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Looking for trouble

Did you know that a quality of earnings analysis can act as a stress test for firms considering investing in troubled companies? Dennis Graham explores this and more in an interview with Middle Market Growth editor, Deb Cohen.

Q
When considering an investment in a troubled company, what is different about a Quality of Earnings analysis?

A
In this case, the typical Quality of Earnings analysis becomes a stress test, looking not only at a company’s revenue history, but digging deeper into its past performance. How did the company weather previous downturns? How quickly did it rebound from a decline in sales or customers? Were the effects short and sharp, or long and gradual?

We can use the information gathered to develop a forward-looking financial model that includes a borrowing base calculation, collateral analysis and, perhaps, even a liquidation analysis. This model can be used to stress test how the company could perform post-close. We run different scenarios to better understand the impact of changes to costs, revenue, pricing, margins and other parameters. This helps to better gauge the risk of the investment.

Q
How important is the current customer base analysis in troubled acquisitions?

A
It’s critical. Not all customers are good for business—especially in troubled situations. When we evaluate the company’s customer list, we consider factors like profit margins and time dedicated to high-maintenance customers. Has the company taken on customers that produce negative margins or are bad for the bottom line?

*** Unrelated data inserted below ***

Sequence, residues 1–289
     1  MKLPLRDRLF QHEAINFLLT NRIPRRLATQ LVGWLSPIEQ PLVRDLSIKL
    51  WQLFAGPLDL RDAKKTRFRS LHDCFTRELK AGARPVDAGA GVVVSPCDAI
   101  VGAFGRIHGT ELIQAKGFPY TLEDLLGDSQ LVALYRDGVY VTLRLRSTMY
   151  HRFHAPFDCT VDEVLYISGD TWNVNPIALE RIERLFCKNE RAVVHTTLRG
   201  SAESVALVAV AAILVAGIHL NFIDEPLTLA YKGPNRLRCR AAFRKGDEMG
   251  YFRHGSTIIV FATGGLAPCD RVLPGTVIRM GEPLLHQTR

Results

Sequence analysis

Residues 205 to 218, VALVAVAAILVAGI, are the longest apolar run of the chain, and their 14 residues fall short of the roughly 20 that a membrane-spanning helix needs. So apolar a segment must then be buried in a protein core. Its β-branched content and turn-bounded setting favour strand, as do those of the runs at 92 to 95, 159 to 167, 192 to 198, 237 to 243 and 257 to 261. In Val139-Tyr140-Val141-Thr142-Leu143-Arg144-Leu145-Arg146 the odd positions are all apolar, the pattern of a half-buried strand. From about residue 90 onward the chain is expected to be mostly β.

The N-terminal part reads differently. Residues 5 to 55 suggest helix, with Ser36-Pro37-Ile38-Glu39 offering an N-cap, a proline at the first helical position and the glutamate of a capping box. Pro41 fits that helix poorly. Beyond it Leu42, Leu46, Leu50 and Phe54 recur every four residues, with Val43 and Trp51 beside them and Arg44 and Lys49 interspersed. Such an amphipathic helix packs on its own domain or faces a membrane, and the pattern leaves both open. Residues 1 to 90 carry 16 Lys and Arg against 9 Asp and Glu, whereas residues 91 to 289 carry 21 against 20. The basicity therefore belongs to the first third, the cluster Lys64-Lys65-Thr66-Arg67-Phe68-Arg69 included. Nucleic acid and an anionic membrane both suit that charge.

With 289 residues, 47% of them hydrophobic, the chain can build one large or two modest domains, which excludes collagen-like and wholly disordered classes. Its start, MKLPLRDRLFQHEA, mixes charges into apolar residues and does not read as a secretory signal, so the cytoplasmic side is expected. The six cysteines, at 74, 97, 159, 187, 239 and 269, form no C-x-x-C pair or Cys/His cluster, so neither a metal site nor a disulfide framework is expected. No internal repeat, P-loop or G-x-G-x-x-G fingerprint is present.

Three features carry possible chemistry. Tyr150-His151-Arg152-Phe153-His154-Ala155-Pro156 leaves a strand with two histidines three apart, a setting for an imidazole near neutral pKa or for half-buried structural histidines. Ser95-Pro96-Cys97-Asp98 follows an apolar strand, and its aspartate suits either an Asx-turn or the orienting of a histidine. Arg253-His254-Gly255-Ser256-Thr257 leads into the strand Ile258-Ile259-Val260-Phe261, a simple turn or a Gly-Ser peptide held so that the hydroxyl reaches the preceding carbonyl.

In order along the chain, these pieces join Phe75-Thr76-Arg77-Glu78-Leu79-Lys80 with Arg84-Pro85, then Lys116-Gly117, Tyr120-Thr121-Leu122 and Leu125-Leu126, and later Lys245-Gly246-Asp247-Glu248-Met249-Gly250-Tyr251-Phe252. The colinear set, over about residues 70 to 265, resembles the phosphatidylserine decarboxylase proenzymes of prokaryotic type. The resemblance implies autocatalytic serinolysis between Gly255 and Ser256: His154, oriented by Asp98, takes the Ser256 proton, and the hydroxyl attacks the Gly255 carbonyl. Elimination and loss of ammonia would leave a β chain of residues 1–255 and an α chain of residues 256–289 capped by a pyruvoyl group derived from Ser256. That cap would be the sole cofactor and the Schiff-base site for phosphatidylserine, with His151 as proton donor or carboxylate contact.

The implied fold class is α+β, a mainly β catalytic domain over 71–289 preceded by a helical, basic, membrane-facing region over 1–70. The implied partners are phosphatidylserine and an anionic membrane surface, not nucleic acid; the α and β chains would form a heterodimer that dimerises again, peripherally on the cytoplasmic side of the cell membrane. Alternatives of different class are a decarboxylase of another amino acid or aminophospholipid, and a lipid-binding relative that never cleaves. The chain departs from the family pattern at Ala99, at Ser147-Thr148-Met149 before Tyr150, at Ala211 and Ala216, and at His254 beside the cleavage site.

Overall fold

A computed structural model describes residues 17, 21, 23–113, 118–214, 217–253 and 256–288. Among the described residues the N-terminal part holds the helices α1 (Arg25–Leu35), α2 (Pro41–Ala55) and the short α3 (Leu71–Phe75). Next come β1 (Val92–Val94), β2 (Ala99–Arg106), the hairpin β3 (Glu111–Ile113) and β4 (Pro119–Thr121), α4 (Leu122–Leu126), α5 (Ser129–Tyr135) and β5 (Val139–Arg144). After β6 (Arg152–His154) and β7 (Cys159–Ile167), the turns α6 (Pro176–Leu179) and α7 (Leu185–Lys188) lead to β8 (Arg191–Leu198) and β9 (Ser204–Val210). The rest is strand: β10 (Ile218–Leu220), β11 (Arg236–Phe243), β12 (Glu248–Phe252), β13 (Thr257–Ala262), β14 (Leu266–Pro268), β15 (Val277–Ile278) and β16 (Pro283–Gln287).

On the tactical side, we make sure the company has more than one point of contact within the business. Who in the customer’s organization interacts with its customer base? It’s often surprising how much a “bad customer” or a “bad customer relationship” can cost a business.

Q
How can an investor leverage data analytics for a potential acquisition?

A
Data is the new oil. While some buyers miss opportunities or encounter risks by leaving untapped data in the ground, smart buyers mine deeper into financial due diligence to reveal the hidden story. And beyond the company’s data, buyers can tap into a reservoir of other data sources, including databases listing a competitors’
customers and publicly available demographic data.

Q
Do you have an example of how troubled company due diligence makes a significant impact?

A
We worked with a PEG client who made an add-on acquisition of a company that was struggling because, although it had great customers, customer relationships were poor. We helped the buyer dig into the details of the company’s relationships from a financial, analytical and strategic perspective. Once the deal closed, the buyer implemented a new strategy that developed new relationships with key customers, broadened its interface beyond purchasing, proactively learned about the customer’s challenges and provided solutions. This strategy helped the customer see the company not as a commodity, but as a strategic business partner.

Read the original article from Middle Market Growth here >>


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Dennis Graham

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